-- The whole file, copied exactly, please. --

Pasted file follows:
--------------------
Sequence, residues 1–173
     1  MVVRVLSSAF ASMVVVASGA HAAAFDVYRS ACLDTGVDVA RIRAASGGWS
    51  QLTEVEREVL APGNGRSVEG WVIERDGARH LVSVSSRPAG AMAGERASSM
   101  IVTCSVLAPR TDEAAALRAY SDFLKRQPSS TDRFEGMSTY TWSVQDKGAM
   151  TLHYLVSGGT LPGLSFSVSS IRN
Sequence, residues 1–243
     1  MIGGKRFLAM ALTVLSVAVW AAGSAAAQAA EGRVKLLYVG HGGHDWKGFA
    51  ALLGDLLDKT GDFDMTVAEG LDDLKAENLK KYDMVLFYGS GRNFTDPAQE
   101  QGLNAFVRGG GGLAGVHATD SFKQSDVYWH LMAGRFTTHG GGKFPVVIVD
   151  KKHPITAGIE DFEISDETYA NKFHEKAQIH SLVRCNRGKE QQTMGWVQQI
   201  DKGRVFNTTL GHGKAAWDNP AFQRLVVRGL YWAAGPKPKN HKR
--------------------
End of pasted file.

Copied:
Sequence, residues 1–173
     1  MVVRVLSSAF ASMVVVASGA HAAAFDVYRS ACLDTGVDVA RIRAASGGWS
    51  QLTEVEREVL APGNGRSVEG WVIERDGARH LVSVSSRPAG AMAGERASSM
   101  IVTCSVLAPR TDEAAALRAY SDFLKRQPSS TDRFEGMSTY TWSVQDKGAM
   151  TLHYLVSGGT LPGLSFSVSS IRN
Sequence, residues 1–243
     1  MIGGKRFLAM ALTVLSVAVW AAGSAAAQAA EGRVKLLYVG HGGHDWKGFA
    51  ALLGDLLDKT GDFDMTVAEG LDDLKAENLK KYDMVLFYGS GRNFTDPAQE
   101  QGLNAFVRGG GGLAGVHATD SFKQSDVYWH LMAGRFTTHG GGKFPVVIVD
   151  KKHPITAGIE DFEISDETYA NKFHEKAQIH SLVRCNRGKE QQTMGWVQQI
   201  DKGRVFNTTL GHGKAAWDNP AFQRLVVRGL YWAAGPKPKN HKR